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Painting Bird Houses

Tips for Safe Painted Bird Houses

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Painting Bird House

Paint isn't always the best choice for bird houses.

Benjamin Gray

Many backyard birders enjoy attracting nesting birds, but they also want their bird houses to be attractive garden decorations. Is painting bird houses safe for the birds, or will it make the houses less attractive or even dangerous for the birds?

Designs for Painted Bird Houses

There are many beautiful painted bird houses in every color and design imaginable. A simple solid color bird house is easy to paint, while some artistic birders create bird houses that resemble real homes' paint jobs. Themed houses are also popular, and a simple bird house can be transformed into a patriotic palace, country tea cottage or whimsical ornament with different paint schemes. Not all of these paint jobs are best for the birds, however.

Is Painting Bird Houses Good for Birds?

Birds that use houses aren't always picky about their accommodations, and they will nest in painted bird houses. Painting isn't always the best choice for bird houses, however, because a poorly chosen paint job can be dangerous to the birds. Bright colors can attract predators, while toxic paints can be poisonous to both adult birds and fledglings. Dark colors in sunny areas can also attract more heat to the house, making it unsuitable for young birds.

There are times, however, when a carefully chosen paint job can be beneficial for a bird house. While cedar and cypress houses are durable and do not require painting, pine or plywood bird houses can be made more weatherproof and long-lasting with a good coat of paint. White paint is also recommended for purple martin houses to help reflect heat away from these open area houses. The right paint job can also help camouflage a bird house and keep the nesting birds safe from predators.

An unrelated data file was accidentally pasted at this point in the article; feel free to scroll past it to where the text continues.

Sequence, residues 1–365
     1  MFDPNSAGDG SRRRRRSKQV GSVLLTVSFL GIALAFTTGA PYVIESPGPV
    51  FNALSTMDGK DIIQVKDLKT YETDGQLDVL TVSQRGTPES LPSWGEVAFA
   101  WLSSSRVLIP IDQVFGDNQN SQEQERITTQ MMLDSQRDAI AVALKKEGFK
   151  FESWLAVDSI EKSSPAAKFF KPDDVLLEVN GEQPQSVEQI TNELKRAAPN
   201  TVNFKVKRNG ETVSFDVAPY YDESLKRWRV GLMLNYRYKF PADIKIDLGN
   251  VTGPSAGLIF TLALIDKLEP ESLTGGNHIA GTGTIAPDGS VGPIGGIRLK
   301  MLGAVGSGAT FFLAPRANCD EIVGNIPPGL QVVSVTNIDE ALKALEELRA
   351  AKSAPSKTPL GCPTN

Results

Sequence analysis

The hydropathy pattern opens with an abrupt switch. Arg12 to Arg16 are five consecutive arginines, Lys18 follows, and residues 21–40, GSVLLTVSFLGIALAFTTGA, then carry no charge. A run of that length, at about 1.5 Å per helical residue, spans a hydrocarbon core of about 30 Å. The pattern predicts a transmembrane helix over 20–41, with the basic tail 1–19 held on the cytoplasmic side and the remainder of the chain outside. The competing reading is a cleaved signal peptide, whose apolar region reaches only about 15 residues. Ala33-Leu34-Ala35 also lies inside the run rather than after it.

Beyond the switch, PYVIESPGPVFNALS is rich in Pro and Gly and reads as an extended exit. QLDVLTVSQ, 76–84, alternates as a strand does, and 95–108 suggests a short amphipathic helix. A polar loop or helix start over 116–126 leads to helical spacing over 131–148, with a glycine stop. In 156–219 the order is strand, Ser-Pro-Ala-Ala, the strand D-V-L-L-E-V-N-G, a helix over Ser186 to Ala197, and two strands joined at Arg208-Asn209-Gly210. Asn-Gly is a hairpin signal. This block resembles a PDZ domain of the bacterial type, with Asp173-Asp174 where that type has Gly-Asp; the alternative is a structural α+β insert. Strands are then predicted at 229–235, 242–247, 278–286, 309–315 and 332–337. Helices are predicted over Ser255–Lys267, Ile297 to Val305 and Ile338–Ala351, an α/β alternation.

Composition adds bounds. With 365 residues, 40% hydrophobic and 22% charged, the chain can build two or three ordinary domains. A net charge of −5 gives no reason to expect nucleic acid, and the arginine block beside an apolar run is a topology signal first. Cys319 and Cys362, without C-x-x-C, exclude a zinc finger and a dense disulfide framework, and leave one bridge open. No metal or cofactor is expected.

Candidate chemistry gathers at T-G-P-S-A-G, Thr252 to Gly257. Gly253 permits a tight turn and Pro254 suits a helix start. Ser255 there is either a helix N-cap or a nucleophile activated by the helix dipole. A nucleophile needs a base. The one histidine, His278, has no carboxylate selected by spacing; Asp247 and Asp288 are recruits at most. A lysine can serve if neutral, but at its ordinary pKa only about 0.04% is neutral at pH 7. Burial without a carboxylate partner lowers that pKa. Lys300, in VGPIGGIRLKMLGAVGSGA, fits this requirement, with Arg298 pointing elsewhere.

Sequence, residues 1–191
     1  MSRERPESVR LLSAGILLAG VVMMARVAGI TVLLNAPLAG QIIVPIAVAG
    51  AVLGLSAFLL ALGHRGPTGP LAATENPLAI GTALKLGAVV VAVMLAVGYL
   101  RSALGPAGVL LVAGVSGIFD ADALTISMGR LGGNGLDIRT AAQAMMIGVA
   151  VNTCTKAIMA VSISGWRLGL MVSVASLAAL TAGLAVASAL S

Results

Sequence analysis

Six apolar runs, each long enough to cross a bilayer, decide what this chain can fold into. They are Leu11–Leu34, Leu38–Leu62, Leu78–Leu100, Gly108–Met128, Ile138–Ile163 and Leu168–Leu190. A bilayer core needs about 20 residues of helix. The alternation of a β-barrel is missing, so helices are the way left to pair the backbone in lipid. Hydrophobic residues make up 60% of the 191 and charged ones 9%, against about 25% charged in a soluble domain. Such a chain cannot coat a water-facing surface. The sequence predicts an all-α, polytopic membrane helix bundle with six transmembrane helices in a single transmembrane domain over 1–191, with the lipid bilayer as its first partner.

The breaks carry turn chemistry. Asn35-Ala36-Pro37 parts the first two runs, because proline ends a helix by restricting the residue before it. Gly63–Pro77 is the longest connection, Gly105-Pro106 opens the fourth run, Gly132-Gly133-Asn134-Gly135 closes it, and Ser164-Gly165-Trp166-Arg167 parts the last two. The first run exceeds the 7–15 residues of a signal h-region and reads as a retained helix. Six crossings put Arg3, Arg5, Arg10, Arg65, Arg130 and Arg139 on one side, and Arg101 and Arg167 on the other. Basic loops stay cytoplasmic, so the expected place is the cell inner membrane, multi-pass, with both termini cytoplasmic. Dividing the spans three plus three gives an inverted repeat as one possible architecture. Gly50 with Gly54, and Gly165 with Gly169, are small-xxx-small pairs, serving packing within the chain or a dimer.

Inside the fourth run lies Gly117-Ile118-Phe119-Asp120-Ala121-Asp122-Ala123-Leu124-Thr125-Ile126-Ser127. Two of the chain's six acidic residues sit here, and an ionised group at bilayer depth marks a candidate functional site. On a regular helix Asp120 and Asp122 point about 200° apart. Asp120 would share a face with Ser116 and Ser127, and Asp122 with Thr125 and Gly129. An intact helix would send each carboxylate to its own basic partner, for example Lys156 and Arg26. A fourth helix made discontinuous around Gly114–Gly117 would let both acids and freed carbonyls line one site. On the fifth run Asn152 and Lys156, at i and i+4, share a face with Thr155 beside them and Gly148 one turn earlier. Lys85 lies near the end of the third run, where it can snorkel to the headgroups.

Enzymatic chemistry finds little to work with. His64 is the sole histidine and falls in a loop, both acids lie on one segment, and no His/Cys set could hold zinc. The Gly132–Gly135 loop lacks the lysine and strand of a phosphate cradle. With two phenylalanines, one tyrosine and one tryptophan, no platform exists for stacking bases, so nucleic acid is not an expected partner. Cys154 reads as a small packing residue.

Tips for Painting Bird Houses

To properly paint a bird house...

  • Use water-based latex paint, and always avoid lead-based or creosote paints that may be toxic to birds. Consider trying alternative, eco-friendly paints as well, or opt for natural stains rather than paints.

  • Avoid painting the inside of a bird house or around the lip of the entrance hole; growing birds may peck at surfaces and could ingest paint chips.

  • Choose natural, camouflaged colors such as gray, dull green, brown or tan to help the house blend in to its environment. If the house will be mounted in a colorful flower garden, choose more colorful paints appropriately.

  • Allow the paint to dry thoroughly for several days before mounting the house for birds to use. This will also allow potentially toxic odors to disperse before birds investigate the house.

  • When cleaning the bird house at the end of each breeding season, check for peeling paint and repaint as necessary to keep the house in good, safe condition.

Painted appropriately with safe, neutral colors and non-toxic paints, a painted bird house can be attractive to birds, while a brightly colored, highly visible house may not attract tenets if more suitable nesting sites are available. By choosing paints, colors and designs carefully, backyard birders can enjoy attractive, decorative bird houses that birds will be happy to take up residence in.

Photo – Painting a Bird House © Benjamin Gray

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